The UK's happiest places have been revealed

Northern Irish areas such as Fermanagh and Omagh fared well in the survey

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People who live in Northern Ireland have labelled themselves the happiest in the UK.

As part of a survey conducted by the Office for National Statistics, respondents across the UK answered questions on happiness, anxiety and worthwhile-ness.

The Northern Irish areas of Fermanagh and Omagh were above the national average for happiness, answering the question "how happy were you yesterday, on a scale of zero to 10?" with an average of 8.3.

Ulster also scored well, coming high in both life satisfaction and feelings that residents' lives were worthwhile.

Next down the list for happiness of their residents were the Ribble Valley in Lancashire, Eilean Siar in the Western Isles, West Somerset and the Orkney Isles.

Eilean Siar, which is part of the remote Outer Hebrides ofScotland, is also the best place to live for life satisfaction and feeling that life is worthwhile, and scored low on anxiety.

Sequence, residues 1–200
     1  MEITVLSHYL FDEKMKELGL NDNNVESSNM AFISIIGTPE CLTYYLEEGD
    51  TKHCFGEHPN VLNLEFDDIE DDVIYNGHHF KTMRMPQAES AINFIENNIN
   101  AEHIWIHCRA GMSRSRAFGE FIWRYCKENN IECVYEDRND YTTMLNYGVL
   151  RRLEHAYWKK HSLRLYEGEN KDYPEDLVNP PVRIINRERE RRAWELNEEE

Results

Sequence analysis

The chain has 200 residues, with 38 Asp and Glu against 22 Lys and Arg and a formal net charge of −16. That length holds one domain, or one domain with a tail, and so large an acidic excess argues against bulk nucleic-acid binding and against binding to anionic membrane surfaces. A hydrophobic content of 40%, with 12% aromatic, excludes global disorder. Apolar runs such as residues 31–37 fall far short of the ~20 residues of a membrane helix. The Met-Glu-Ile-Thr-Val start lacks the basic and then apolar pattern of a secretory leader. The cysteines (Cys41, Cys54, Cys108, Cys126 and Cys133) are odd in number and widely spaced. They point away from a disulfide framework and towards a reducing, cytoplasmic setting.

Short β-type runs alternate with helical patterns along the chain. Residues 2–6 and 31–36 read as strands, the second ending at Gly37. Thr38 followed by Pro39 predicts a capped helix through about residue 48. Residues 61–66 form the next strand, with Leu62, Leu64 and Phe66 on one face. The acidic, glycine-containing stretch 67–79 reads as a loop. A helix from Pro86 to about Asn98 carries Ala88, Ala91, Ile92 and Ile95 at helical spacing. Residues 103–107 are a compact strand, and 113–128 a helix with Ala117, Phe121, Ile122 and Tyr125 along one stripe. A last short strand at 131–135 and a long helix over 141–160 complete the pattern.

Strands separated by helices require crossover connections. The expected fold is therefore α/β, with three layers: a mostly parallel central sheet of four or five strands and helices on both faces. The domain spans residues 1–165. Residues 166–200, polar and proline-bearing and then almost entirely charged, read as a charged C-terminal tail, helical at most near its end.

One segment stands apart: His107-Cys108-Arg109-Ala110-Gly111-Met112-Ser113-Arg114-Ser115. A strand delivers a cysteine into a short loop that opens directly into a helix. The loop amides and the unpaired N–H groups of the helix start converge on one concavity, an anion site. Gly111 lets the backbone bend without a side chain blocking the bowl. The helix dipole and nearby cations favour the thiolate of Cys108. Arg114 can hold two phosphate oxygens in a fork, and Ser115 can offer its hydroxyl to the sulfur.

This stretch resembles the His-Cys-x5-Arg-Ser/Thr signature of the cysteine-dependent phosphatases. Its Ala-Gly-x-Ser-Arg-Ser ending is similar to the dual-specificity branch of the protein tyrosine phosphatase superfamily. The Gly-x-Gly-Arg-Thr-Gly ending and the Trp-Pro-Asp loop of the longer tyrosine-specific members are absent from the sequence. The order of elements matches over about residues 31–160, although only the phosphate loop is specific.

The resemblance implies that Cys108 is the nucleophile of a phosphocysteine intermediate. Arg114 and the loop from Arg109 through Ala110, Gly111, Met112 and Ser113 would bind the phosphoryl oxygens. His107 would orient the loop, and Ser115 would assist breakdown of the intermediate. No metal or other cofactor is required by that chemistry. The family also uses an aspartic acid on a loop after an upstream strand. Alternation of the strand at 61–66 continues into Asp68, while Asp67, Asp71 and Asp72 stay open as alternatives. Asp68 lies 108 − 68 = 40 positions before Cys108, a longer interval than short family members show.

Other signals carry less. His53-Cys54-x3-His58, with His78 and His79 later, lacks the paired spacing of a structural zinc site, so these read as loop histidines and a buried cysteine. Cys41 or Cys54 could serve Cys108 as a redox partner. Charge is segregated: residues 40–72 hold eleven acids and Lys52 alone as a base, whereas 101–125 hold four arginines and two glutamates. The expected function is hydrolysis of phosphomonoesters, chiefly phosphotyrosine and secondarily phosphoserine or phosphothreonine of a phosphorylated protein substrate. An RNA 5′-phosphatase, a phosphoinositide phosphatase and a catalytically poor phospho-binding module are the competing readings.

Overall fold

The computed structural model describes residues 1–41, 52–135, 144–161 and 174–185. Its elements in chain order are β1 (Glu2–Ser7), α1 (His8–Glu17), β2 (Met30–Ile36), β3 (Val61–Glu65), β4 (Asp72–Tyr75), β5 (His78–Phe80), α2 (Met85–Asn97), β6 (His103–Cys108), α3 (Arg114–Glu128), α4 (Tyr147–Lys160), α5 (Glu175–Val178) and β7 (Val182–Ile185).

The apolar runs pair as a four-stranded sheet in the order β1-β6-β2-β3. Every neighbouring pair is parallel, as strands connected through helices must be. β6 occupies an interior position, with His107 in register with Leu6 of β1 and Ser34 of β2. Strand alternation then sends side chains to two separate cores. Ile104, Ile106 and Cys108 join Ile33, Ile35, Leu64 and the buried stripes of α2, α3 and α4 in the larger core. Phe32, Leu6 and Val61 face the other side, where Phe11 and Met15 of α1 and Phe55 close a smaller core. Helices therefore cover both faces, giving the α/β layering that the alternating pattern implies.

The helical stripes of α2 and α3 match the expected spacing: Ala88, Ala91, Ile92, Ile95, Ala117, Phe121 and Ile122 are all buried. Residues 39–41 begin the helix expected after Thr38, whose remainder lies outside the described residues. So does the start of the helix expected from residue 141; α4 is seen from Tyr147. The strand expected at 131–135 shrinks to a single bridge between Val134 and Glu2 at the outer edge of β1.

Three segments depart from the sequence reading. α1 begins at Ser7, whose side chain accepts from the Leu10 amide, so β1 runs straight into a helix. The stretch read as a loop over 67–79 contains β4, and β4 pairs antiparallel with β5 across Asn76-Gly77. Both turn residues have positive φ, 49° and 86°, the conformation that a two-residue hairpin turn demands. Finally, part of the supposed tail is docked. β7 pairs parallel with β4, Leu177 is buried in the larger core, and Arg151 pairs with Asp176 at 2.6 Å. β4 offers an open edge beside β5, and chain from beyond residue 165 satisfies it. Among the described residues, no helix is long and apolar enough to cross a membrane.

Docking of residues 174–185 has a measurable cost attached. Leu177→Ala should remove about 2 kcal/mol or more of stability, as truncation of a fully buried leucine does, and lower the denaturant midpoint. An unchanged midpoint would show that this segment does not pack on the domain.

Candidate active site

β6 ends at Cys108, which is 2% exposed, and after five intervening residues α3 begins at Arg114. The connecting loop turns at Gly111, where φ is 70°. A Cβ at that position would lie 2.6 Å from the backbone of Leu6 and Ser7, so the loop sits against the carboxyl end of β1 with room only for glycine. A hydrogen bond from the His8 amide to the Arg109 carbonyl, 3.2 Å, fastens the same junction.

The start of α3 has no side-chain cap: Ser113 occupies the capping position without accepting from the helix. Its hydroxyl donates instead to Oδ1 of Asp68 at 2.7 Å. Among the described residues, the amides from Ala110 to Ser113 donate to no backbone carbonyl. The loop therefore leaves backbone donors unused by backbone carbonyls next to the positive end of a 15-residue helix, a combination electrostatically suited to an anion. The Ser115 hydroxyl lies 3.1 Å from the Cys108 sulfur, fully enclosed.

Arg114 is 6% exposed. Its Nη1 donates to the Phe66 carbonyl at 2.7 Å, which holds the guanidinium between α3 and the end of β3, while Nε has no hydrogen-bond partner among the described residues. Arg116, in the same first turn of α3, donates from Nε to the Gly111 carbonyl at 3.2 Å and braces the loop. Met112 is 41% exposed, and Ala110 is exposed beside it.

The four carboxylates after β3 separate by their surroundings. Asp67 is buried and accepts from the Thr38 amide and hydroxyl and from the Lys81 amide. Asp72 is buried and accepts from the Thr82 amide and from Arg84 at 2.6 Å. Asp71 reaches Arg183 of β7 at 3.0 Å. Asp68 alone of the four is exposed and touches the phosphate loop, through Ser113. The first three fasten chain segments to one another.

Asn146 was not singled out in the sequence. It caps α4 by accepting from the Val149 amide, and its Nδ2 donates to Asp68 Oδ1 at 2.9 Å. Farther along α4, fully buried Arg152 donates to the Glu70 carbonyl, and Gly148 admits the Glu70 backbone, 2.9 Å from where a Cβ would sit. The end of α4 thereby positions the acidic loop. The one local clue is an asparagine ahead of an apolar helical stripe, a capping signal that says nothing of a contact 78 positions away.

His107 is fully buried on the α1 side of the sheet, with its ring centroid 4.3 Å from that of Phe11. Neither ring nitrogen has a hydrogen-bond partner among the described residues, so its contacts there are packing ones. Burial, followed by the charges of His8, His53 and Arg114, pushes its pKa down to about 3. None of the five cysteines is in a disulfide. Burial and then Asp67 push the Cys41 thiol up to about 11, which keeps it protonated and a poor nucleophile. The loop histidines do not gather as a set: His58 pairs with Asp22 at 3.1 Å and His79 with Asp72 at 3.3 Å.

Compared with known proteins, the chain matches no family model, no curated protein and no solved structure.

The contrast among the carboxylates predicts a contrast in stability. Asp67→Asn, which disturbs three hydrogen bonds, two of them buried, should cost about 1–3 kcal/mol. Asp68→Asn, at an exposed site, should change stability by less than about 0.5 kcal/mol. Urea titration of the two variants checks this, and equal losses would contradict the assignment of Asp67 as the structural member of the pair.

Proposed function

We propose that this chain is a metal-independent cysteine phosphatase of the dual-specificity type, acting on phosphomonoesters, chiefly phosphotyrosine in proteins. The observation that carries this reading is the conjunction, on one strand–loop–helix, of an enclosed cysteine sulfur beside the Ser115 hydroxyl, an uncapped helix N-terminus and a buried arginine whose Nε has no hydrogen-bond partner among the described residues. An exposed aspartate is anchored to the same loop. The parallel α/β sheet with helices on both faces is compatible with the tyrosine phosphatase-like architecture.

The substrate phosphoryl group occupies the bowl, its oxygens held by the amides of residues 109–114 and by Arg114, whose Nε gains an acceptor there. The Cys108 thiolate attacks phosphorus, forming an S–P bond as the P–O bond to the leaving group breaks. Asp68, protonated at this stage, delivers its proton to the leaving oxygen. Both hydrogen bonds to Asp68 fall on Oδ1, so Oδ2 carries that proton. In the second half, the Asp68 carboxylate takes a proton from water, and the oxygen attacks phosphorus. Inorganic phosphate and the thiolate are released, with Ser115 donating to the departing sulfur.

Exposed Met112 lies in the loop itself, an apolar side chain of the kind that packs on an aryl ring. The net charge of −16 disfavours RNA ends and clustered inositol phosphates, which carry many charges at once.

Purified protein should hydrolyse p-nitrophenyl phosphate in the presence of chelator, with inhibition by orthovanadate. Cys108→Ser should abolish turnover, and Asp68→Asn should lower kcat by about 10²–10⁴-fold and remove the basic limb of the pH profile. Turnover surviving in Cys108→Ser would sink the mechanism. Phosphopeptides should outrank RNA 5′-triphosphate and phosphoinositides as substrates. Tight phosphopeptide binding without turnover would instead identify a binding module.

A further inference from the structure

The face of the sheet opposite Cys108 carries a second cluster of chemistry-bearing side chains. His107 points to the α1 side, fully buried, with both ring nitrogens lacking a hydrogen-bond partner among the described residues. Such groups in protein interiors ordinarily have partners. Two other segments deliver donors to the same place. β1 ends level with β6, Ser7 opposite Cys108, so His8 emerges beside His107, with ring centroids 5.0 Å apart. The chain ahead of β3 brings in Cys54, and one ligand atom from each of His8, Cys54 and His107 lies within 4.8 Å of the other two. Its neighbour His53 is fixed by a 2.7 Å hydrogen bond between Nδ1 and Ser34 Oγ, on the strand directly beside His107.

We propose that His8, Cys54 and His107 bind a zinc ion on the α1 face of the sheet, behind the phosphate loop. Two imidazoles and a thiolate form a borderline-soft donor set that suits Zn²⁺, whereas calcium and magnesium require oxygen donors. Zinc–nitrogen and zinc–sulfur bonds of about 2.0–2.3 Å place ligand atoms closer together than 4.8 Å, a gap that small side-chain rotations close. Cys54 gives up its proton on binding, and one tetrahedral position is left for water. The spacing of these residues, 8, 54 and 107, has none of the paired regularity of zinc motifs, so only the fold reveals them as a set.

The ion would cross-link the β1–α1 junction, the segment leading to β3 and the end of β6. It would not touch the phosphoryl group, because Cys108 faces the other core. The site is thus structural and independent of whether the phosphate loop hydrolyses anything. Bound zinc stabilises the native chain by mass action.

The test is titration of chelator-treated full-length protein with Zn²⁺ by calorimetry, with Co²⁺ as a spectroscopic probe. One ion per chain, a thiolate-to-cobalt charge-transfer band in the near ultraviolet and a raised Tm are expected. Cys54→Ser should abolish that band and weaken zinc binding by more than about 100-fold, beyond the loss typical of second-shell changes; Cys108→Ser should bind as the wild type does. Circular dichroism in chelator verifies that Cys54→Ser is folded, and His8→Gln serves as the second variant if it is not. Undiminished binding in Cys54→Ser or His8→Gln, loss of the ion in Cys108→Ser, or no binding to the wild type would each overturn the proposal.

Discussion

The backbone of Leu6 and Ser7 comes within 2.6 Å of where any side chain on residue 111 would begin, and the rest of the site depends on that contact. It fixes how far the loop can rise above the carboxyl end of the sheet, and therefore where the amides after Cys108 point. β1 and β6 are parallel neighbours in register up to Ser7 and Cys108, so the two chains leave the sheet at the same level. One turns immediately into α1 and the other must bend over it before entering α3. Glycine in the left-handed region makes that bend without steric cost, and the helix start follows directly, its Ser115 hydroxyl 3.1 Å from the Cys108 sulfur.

Glenn Everett, director of well-being at the Office for National Statistics, told the Evening Standard that there was an improvement in how people were rating their lives four years ago overall.

But she said that differences in areas that were happy and unhappy had grown slightly.

“We often talk of how the country is doing, usually in economic terms. Today’s figures address how people are feeling about their lives.

“Overall, people are generally rating their lives higher than they did four years ago. But what is interesting is that they show a slight growth in inequality between people rating their lives highly and those reporting low levels of personal well-being.

"In other words, a growing inequality that policy makers need to consider.”

The most unhappy place in England is apparently Bolsover in Derbyshire - followed by Cannock Chase in Staffordshire, Dundee City, Dover and Liverpool.

The very bottom place for life satisfaction was Ipswich, in Suffolk, meanwhile, with Wolverhampton also scoring badly on that count.

And two of the most anxious places in the country are Pendle in Lancashire and Greenwich in London.

David Cameron announced in 2010 when he became prime minister that he would be measuring national well-being along with other more traditional factors such as economic, social and environmental measures.